This bow placement has to become second nature through many hours of learning and trial and errors. But knowing the theory will make you win big time. And not all violin teachers know that in detail…

Applying too much pressure will prevent the string from vibrating. Playing too close to the scroll will prevent the string from vibrating. Playing too close to the bridge will give a scratchy sound.

A beginner will of course, have to learn how a violin produces a sound in order to understand the bow technique. But in a nutshell, if you don’t want to be a classical virtuoso and want to have a quick answer, when in doubt always:

  • Use more bow speed than intended (you will risk airy a light sound but will prevent squeaking), use two bows if the note is long;
  • play closer to the bridge than you are used to (the string will vibrate, you will risk scratching sound, which less irritating than squeaking string);

3. Bowing technique on the violin

What we’ve just said is somehow related to bowing technique, but was more specifically the point of contact between the bow and the string.

Now we consider the motion of the bow itself. Again, tone production is key when we speak of playing the violin, and squeaking is the very first level. Bow technique is key.

  1. Play the bow in direct strokes, straight, parallel to the bridge. Playing in circular motions tend to generate a bad sound. It is important to play while watching oneself in a mirror in order to practice straight bowing. The difficulty is to get a fast straight bow motion. Playing in front of a mirror is essential. When your teacher is not here to correct your gesture, some people have good results using a straight bow guide, which can be found quite cheap on Amazon.
  2. A beginner usually has problems using the shoulder (to go to the frog of the bow) and easily uses the elbow. Then, to avoid squeaking, it is preferable to start playing from the center of the bow to the tip. The first motion we learn is usually that one, from the middle to the tip, where only the elbow is at play. On the opposite, to go from the middle of the bow to the frog requires two gestures at the same time (elbow and shoulder) in order to get a straight bow. This is more difficult to perform; that is why it is usually after a while that this second part of the bow is used. ** In many alternative styles of music (Irish, Bluegrass, Jazz), players almost never use the bow till the frog, and that is why.** When you start and if you want a correct sound quickly, do as they do: play in the upper part of the bow. That way, mastering pressure and motion is easier. You will definitely limit your squeaking.
  3. Changing of bow directions. That is the last pitfall. Remember, the hair of the bow grips the string. If there is not a motion, that resistance creates scratchy sounds. And when bow direction is changed, there is a small moment of immobility. When the motion starts again, the bow grips the string with too much weight (pressure), and that creates a squeaking sound. That is why two things need to be acquired: a) you need to relieve pressure slightly when changing directions, b) the fingers of the right hand are flexible and act as springs, accompanying that motion (a bit like car suspensions that react to the car stopping or starting). I have made a gif to illustrate this small yet important gesture, as words can’t sometimes carry as much information as video.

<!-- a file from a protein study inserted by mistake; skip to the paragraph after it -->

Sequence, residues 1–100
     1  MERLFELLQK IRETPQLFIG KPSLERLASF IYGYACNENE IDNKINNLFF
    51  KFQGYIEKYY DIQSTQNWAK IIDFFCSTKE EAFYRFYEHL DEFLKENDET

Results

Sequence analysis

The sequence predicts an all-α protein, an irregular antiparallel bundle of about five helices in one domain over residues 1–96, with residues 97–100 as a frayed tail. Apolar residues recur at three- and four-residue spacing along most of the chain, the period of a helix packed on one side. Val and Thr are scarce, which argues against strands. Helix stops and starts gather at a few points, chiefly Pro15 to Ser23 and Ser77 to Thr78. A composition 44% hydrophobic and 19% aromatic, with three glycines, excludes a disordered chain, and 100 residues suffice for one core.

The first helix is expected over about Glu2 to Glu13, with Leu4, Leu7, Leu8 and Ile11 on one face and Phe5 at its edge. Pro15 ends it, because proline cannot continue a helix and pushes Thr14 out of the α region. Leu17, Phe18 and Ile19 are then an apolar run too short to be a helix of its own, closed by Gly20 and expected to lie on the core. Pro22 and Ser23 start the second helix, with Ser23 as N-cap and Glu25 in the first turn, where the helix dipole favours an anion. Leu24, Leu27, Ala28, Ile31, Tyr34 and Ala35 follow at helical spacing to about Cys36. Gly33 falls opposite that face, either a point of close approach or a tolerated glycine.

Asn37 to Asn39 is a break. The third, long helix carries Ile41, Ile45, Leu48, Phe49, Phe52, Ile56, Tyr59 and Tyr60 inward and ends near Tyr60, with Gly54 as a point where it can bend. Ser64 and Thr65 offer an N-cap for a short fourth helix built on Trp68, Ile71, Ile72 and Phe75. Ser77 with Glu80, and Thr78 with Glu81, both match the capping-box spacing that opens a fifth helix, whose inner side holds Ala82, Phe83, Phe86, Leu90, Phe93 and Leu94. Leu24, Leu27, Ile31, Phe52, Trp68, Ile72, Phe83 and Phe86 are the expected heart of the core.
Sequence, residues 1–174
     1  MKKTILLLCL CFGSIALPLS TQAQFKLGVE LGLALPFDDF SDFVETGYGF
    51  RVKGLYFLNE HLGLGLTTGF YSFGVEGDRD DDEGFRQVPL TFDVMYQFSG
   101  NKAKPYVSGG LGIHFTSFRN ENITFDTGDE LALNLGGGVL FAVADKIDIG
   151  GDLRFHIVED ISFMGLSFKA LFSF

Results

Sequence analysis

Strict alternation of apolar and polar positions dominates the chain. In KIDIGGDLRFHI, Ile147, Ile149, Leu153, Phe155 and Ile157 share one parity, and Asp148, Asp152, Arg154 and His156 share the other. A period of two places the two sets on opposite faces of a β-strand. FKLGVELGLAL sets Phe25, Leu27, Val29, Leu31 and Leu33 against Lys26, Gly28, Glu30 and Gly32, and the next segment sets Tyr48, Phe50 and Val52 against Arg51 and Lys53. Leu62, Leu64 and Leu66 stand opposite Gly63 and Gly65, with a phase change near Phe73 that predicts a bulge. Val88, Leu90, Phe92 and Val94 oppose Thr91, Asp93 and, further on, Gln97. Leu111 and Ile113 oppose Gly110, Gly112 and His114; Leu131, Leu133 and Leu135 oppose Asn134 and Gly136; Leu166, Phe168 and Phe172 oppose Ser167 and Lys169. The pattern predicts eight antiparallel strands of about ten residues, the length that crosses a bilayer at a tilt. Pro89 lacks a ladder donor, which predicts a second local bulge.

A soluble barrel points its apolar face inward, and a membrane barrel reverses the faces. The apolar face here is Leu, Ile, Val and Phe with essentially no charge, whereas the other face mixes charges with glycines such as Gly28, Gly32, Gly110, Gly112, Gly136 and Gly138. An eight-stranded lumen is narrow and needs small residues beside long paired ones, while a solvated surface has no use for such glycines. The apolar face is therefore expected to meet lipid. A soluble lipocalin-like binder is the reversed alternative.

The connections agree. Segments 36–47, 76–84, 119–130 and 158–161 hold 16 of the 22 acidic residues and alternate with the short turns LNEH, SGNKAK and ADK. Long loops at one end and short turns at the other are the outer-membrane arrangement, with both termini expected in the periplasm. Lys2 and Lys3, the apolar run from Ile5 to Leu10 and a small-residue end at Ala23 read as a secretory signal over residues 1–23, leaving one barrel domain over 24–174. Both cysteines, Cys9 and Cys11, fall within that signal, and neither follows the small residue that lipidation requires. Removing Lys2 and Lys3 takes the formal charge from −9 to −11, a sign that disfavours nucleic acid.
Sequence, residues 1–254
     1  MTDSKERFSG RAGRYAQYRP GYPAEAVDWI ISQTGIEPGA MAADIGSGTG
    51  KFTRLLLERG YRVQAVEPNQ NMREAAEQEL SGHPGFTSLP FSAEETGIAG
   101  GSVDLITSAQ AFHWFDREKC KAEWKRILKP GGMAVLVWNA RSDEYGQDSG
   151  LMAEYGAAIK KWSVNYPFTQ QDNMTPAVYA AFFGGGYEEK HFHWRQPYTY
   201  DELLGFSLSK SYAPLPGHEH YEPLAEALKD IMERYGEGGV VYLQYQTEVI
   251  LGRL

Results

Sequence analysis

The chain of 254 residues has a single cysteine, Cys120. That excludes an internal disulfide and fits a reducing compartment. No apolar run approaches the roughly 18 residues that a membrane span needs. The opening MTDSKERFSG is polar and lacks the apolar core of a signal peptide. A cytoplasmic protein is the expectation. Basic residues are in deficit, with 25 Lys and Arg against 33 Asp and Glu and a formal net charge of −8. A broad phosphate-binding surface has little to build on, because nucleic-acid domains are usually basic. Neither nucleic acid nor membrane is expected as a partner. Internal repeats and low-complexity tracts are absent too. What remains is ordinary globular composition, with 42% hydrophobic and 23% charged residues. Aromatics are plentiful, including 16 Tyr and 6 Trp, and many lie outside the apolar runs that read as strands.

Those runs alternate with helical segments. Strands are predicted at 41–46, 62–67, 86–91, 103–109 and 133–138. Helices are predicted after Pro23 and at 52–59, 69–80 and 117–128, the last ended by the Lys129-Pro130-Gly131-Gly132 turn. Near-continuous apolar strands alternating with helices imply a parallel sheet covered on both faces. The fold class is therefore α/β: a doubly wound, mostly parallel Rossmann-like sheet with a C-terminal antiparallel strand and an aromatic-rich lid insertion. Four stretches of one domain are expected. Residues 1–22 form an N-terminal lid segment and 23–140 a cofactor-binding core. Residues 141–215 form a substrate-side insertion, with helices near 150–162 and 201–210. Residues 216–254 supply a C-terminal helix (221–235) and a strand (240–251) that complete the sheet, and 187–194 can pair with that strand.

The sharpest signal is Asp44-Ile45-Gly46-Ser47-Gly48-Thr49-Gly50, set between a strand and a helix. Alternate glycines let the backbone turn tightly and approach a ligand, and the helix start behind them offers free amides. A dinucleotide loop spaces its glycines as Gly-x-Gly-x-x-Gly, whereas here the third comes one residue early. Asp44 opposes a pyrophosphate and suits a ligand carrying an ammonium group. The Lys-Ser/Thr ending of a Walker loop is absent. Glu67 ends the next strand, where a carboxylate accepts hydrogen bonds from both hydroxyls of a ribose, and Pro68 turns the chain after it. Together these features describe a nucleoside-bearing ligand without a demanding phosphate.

For a good technique, the right arm has to be neither too flexible nor too stiff. But for a beginner, too flexible is preferable if avoiding squeaks is the objective. Eventually, the violinist will get a proper sound and then a great one.

4. Conclusion

To sum up, just trust your teacher. But if you want to avoid squeaking fast, clean your strings thoroughly, apply the right amount of rosin on your bow, use the upper part of the bow, try to use a bit more bow speed, play closer to the fingerboard, and keep flexible right-hand fingers. That can have a strong impact on improving bad violin sound. Now, if you want to sound great, there is a lot more to it, and I have written this long blog post on sound production.

Now, do not confuse a squeaking sound and a whistling string. I have covered in this lengthy article how to avoid our E string to whistle.

You might be interested as well by my comprehensive guide on how to make a great sound on your violin, you can read it here.


I have been playing the violin since the age of 6. I have studied, like many, classical music at a conservatory. At the same time, I discovered Miles and Coltrane, BB King and Clapton... So I decided to learn how to improvise, how to free my playing, and how to incorporate these new elements in my music. This new Violin Trend, this is what I want to share with all of you!